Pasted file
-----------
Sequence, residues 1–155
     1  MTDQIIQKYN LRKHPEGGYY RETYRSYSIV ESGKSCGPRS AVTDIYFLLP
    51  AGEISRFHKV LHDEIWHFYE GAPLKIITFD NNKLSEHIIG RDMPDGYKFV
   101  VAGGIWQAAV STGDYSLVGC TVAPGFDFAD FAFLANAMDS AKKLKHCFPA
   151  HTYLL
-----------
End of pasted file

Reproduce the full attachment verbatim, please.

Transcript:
Sequence, residues 1–155
     1  MTDQIIQKYN LRKHPEGGYY RETYRSYSIV ESGKSCGPRS AVTDIYFLLP
    51  AGEISRFHKV LHDEIWHFYE GAPLKIITFD NNKLSEHIIG RDMPDGYKFV
   101  VAGGIWQAAV STGDYSLVGC TVAPGFDFAD FAFLANAMDS AKKLKHCFPA
   151  HTYLL